Mr. Woodruff was gruff and taciturn. And tough as railroad spikes. He was finally, I think, beginning to accept me. A little.
Lonzo took the small bag of groceries I’d been carrying. “The neighborhood I grew up in was a lot nicer,” he said reflectively, eyeing a gang-tagged stretch of alley. “Pop had a job then, and Mom was working too.”
“What made him move here?” Like the old Chicago housing projects I’d heard about, it seemed to be an area people fled from, not to.
“First my ma passed away, then I moved out, then Pop lost his job.”
“A series of unfortunate events,” I murmured. When I was younger, I’d devoured all the Lemony Snicket books.
“That’s about it.” I doubt Lonzo caught the reference, but it didn’t matter. “Pop said he couldn’t afford nothing better. He had to make his savings stretch. And he can walk to his crappy little part-time jobs so he doesn’t have to piss away money on train or bus fare.”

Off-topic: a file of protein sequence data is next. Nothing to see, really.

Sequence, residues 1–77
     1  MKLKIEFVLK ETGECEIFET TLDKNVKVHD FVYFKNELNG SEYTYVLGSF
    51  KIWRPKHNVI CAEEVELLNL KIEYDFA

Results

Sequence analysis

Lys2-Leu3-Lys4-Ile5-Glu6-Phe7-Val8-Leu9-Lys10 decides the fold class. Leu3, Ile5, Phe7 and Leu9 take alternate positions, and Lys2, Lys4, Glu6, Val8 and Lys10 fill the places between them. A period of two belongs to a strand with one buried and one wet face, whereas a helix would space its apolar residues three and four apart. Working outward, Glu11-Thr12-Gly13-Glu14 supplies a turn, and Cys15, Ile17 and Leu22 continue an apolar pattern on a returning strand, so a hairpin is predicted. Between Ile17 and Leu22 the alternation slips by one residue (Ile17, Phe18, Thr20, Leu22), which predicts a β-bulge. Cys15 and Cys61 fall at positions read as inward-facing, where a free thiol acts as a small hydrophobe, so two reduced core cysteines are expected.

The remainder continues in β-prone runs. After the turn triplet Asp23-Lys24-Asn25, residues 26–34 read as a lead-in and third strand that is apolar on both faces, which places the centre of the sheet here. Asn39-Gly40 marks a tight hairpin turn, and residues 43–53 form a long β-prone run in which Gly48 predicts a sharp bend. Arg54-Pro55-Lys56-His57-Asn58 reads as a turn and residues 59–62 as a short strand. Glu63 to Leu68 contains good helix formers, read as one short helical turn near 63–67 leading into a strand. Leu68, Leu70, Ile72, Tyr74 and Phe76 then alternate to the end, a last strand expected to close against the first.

“At least he works good hours.” I couldn’t seem to harvest more optimism than that from the situation. Mr. Woodruff cleaned a couple of small local businesses before they opened, which meant he could walk to and from his workplaces in the relative safety of early morning.
God, what a sheltered life I’d led. I might’ve been a throwaway, but before the age of sixteen, I was pretty damned insulated from the big bad world.
A car boomed past. Loud voices cut through the pastel twilight. “Maybe we should’ve drove,” Lonzo muttered.
“But it’s such a nice evening.”
“Evenings ain’t always so nice around here, especially on weekends.”